New Delhi, Oct. 10: L.K. Advani has lauded the National Rural Employment Guarantee Act (NREGA), the ruling UPA’s showpiece social scheme, at the UN.
The praise for the rural job scheme came yesterday during a debate at the General Assembly where the BJP leader was delivering an address on “social development”.
Advani commended the NREGA, pushed by Sonia Gandhi, as the world’s largest cash-for-work scheme that responded to the needs of 53 million poor rural households by ensuring 100 days of employment every year.
“This programme has helped break down social inequalities, empower rural people, build up rural infrastructure and revive economic growth,” the BJP veteran said.
Advani is part of a group of Indian MPs visiting the UN and participating in various sessions of the General Assembly.
He listed efforts made by India to help women and vulnerable groups, particularly in villages, education initiatives, health interventions and programmes to help differently-abled persons.
A stickler for propriety and decorum in public conduct, Advani was particular that domestic political battles should not spill over to the international arena, BJP sources said. He had directed his colleagues to observe the cardinal rule that, when on foreign soil, the Opposition must use the same tone, tenor and content on policy issues as the ruling party.
Today, the BJP tried to score brownie points on “decency” by referring to Advani’s address even as Congress spokespersons lashed out at the Opposition on several issues.
“The Congress is bereft of ideas. Its leaders don’t understand the basics of public behaviour such as decency and protocol. Advaniji spoke like a senior statesman, representing India at the UN. We do not carry differences of opinion outside the borders of India,” BJP spokesperson Prakash Javadekar said.
He added that the only issues the BJP had with the job scheme was that it should include city youths and that it should lead to asset creation.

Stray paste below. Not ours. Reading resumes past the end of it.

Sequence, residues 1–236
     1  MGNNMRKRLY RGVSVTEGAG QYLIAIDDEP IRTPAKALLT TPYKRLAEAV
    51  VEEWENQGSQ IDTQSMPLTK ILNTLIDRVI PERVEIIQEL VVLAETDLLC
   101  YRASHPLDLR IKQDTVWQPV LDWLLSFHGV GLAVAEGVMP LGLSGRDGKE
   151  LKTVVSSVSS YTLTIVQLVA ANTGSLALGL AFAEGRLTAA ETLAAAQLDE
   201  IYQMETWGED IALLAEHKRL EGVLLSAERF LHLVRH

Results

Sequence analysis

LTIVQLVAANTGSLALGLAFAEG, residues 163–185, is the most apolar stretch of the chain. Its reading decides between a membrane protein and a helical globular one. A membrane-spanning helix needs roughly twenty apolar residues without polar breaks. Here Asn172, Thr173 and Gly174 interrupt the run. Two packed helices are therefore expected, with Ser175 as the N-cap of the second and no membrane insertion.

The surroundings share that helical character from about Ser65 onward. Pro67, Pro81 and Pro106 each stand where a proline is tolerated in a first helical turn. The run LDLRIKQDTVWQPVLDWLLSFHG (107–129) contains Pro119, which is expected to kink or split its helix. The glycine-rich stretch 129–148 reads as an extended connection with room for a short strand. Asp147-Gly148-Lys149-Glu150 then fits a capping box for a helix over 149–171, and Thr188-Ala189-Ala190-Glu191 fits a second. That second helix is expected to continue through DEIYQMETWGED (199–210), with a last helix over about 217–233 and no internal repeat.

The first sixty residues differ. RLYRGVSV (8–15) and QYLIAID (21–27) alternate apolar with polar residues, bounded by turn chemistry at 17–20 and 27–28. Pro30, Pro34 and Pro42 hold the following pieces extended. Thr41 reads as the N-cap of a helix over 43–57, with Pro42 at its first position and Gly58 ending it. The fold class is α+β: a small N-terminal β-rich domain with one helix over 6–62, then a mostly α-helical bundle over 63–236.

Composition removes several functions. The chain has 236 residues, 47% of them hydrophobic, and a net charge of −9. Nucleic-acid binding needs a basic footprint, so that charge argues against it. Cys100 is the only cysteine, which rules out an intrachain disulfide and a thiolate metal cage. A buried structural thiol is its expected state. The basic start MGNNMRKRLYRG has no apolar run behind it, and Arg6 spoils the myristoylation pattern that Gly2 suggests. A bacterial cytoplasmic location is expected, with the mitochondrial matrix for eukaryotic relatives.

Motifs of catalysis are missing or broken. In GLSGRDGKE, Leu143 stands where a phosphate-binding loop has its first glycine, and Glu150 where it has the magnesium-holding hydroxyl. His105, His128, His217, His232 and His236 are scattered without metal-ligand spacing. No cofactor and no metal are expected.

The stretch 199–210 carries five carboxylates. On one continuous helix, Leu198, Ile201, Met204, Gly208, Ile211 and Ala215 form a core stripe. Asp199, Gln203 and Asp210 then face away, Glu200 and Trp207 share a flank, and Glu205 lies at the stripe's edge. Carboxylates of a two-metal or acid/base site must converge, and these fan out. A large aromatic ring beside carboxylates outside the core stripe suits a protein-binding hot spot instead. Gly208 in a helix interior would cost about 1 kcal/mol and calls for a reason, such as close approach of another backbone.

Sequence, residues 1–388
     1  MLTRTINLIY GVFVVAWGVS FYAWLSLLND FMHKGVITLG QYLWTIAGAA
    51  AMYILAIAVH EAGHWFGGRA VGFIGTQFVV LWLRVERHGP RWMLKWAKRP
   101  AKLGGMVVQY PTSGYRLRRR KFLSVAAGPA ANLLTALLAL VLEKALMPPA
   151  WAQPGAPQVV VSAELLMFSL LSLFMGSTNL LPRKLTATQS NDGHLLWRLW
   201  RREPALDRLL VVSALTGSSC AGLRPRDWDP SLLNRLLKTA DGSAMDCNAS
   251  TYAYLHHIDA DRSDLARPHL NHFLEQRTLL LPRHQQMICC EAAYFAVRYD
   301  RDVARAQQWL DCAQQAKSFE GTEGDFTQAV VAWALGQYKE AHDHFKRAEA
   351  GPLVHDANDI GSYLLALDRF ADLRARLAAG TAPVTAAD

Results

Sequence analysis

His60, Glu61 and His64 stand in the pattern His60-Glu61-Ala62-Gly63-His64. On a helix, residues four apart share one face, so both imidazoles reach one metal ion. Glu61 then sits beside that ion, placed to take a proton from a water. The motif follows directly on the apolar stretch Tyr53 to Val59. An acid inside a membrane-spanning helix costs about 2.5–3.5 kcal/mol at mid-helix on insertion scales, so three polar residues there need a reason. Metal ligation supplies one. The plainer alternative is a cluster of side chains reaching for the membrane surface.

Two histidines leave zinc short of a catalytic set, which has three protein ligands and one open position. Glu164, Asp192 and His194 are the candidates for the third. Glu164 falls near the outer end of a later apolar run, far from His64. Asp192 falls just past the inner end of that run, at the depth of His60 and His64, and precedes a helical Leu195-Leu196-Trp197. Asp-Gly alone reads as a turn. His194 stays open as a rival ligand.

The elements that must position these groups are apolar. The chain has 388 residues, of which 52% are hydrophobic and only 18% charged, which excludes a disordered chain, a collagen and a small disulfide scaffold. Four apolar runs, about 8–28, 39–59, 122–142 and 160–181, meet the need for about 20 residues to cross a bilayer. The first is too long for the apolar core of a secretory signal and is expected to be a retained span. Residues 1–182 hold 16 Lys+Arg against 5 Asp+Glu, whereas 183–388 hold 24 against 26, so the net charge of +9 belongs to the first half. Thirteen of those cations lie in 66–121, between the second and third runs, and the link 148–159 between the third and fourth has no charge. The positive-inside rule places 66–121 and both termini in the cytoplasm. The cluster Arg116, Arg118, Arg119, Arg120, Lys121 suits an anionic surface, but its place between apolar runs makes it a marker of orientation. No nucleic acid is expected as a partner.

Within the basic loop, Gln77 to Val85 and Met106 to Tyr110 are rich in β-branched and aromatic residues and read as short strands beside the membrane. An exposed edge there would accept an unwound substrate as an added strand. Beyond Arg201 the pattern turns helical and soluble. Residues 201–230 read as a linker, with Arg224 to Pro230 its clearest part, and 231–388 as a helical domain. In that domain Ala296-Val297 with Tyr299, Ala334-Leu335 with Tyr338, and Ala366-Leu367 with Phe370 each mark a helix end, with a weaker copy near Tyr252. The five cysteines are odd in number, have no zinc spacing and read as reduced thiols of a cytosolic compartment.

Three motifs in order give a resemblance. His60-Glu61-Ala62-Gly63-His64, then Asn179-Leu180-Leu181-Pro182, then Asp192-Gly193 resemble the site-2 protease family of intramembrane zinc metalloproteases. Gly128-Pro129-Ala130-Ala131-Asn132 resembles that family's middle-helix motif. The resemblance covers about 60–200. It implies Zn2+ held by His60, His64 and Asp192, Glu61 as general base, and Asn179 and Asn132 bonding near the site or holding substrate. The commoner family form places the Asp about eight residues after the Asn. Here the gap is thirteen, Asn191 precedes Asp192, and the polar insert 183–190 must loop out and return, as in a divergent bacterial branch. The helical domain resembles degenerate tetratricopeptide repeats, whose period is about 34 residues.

Although Advani brought up the issue of corruption, it was in generic terms of how it needed to be “tackled on a war footing” because “its consequences are more severely felt in the developing countries where it undermines the delivery of services and impacts the people directly”.
He also spoke on the generation of “unaccounted wealth or black money”, saying it had a “major debilitating impact on the economy, limiting growth and investment in productive sectors”.
Therefore, “all countries need to ratify the UN Convention Against Corruption to co-operate in recovering “monies and assets stolen through corrupt practices stashed abroad”, Advani added.
But while dwelling on India’s growth story, Advani’s speech focused only on the human narrative.
“Our targets for economic growth are anchored in measurable performance indices relating to poverty, education, health, women and children. These targets, disaggregated state-wise which implement most (central) programmes, have helped monitor, assess and improve them.”
Advani explained how government initiatives in education had helped India attain nearly full enrolment in primary schools and then narrow gender gaps in middle and higher education.
Similarly, health interventions enhanced life expectancy, increased the rates of immunisation among children and caused a substantial decline in infant and maternal mortality, he said.
Advani ended by stressing that “comprehensive and inclusive social development” was essential to foster “stable, harmonious, peaceful and just societies”.